Intrinsic Wave Propagation of Myocardial Stretch, A New Tool to Evaluate Myocardial Stiffness: A Pilot Study in Patients with Aortic Stenosis and Mitral Regurgitation


Left ventricular (LV) filling following atrial contraction generates LV myocardial stretch that propagates from base to apex with a speed proportional to myocardial elasticity. The aim of this study was to test the hypothesis that intrinsic velocity propagation of myocardial stretch (iVP) would be altered in patients with valvular disease and chronic LV pressure overload or volume overload, which may adversely affect mechanical properties of the LV tissue. A second aim was to compare iVP with flow propagation velocity in the chamber.


Sixty subjects were prospectively recruited: 20 with severe aortic stenosis (AS), 20 with severe degenerative mitral regurgitation (MR), and 20 normal control subjects. LV iVP was measured using ultrahigh–frame rate tissue Doppler (350–460 frames/sec) and flow propagation velocity by color flow M-mode imaging. Follow-up data (up to 2 years) were retrieved from medical records.


iVP was highest in patients with AS (2.2 ± 0.7 m/sec), intermediate in those with MR (1.6 ± 0.5 m/sec), and lowest in control subjects (1.4 ± 0.2 m/sec; P < .0001). Fourteen patients with AS and eight with MR had iVP > 1.8 m/sec. Overall, iVP correlated with age, LV morphology, severity of aortic valve obstruction, and measures of LV preload and afterload. At follow-up, patients with high iVP had lower survival free of major adverse cardiac events ( P = .002). Flow propagation velocity was similar between groups and correlated poorly with iVP ( r = 0.26, P = .10).


A significant number of patients with severe AS and severe MR had rapid transmission of myocardial stretch, indicating increased myocardial stiffness. This information was not conveyed by measurement of flow propagation. Larger studies are needed to investigate the clinical utility of this novel measurement.


  • Noninvasive quantification of myocardial stiffness remains elusive.

  • A novel approach to estimate myocardial elasticity is proposed.

  • The mechanism relies on intrinsic cardiac waves and theory of wave propagation in elastic tubes.

  • Some patients with valvular heart disease were found to have high diastolic myocardial stiffness.

  • Intraventricular flow propagation was not able to convey this information.

Left ventricular (LV) filling generates longitudinal myocardial stretch first at the LV base, followed by the mid and apical levels. This progression can be thought of as a local disturbance propagating as a wave from base to apex. The time delay and wave speeds, both during early and late diastole, have been previously measured using strain rate imaging and proposed as evaluators of the diastolic function. However, the significance of these waves remains unknown.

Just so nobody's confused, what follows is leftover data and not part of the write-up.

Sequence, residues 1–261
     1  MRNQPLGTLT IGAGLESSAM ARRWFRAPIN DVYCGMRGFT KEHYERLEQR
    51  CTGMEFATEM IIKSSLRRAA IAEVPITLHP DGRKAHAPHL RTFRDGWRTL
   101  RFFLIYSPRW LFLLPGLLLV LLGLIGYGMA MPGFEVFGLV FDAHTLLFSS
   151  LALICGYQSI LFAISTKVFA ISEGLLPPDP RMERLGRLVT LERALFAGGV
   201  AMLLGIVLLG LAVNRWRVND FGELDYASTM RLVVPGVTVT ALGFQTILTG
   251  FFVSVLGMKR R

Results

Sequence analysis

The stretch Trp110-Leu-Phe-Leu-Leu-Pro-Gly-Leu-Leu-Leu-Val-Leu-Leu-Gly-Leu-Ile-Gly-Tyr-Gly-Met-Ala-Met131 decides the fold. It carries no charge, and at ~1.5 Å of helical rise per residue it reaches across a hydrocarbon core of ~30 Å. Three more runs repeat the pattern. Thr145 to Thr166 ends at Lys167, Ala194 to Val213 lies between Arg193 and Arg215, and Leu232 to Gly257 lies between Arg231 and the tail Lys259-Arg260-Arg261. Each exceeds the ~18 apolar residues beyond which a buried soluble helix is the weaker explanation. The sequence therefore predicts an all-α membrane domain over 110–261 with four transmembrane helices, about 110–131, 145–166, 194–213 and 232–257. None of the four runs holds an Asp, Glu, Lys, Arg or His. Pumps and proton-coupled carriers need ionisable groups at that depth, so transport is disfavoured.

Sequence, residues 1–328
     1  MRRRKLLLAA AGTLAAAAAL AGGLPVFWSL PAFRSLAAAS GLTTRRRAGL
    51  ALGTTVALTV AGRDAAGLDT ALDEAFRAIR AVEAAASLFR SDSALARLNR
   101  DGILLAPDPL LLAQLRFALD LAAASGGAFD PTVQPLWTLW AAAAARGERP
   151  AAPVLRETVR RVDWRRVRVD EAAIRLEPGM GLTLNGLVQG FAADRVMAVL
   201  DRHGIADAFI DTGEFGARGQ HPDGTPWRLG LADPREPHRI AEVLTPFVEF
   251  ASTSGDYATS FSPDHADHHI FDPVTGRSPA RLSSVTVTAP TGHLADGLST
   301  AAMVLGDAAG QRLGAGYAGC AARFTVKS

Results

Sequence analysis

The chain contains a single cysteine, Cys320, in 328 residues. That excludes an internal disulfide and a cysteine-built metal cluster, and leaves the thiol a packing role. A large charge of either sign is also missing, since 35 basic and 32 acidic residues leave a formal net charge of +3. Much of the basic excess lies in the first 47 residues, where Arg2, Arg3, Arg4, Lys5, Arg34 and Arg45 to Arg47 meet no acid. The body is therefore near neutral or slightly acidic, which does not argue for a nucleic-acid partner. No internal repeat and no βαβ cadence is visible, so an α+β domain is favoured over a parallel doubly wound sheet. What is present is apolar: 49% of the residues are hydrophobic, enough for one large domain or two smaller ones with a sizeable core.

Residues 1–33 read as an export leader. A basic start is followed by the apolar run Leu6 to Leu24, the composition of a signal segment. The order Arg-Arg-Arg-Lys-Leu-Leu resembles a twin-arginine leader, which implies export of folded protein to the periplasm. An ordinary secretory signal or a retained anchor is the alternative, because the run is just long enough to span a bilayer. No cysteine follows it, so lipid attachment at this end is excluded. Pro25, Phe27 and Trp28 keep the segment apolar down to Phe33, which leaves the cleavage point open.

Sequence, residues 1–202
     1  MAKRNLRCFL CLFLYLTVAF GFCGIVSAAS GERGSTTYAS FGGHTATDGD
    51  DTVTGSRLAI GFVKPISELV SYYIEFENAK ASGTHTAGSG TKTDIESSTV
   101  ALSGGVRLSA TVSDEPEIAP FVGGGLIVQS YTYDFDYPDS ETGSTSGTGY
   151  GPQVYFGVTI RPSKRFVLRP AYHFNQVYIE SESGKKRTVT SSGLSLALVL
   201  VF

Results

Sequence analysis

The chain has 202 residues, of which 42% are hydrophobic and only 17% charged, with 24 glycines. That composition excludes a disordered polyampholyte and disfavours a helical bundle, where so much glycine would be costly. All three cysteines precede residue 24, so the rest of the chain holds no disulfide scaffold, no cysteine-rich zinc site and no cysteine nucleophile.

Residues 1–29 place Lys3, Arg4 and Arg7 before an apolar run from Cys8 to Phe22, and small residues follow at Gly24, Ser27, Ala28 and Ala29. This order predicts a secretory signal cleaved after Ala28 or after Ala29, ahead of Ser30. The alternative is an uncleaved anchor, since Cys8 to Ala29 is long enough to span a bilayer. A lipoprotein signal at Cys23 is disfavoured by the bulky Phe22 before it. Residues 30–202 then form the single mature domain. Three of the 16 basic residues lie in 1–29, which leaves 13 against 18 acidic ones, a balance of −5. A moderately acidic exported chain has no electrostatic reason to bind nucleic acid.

More recently, our group has focused on the mechanism of the late diastolic stretch wave and shown it to be directly related to myocardial elasticity : the faster the wave speed, the higher the myocardial stiffness, as confirmed by an independent invasive method, the myocardial stress-strain relationship. In addition, it was shown that ultrahigh–frame rate Doppler tissue imaging (DTI), available on commercial scanners, is exquisitely sensitive for measuring this fast wave propagation in LV myocardium of healthy volunteers. This event occurs at a time when ventricular myocardium is quasi-relaxed and could be thought of as analogous to a mechanical vibration propagating along an elastic string in tension (i.e., the myocardial wall during diastole; Figure 1 ). The theory of wave propagation in a solid elastic medium predicts that wave speed is proportional to the elasticity of the medium. This concept is used in vascular biomechanics, in which pulse-wave velocity is a known measure of arterial stiffness. Thus, evaluation of intrinsic cardiac waves opens up a new approach to estimate myocardial stiffness noninvasively. This offers a great advantage because direct assessment of myocardial stiffness in patients has been elusive to achieve by noninvasive means and has been restricted to invasive pressure-volume analysis in the catheterization laboratory.

Figure 1

Diagram illustrating how ventricular filling during late diastole generates longitudinal and radial stretch that propagates rapidly from base to apex. The wave speed was shown to be proportional to myocardial elasticity.

Almost nothing is known how these mechanical waves change with pathology. On the other hand, there are numerous studies addressing the mechanism of flow propagation in the chamber, particularly during early diastole, and showing that flow wave speed is reduced with impaired LV relaxation.

In this study, we evaluated patients with severe aortic stenosis (AS) and severe degenerative mitral regurgitation (MR) and compared them with normal subjects. These patients have chronic LV pressure overload or volume overload, respectively, resulting in concentric or eccentric LV hypertrophy, later progressing to subendocardial ischemia, necrosis and fibrosis, and culminating with overt LV dysfunction and heart failure. Considering these factors also change myocardial distensibility and stiffness, we hypothesized that some patients may have altered wave transmission in LV myocardium. A higher wave speed (and thus stiffness) would reflect the cumulative effects of the hemodynamic burden on the LV tissue, while a normal wave speed would indicate the presence of a compliant normal myocardium, despite the overloading condition.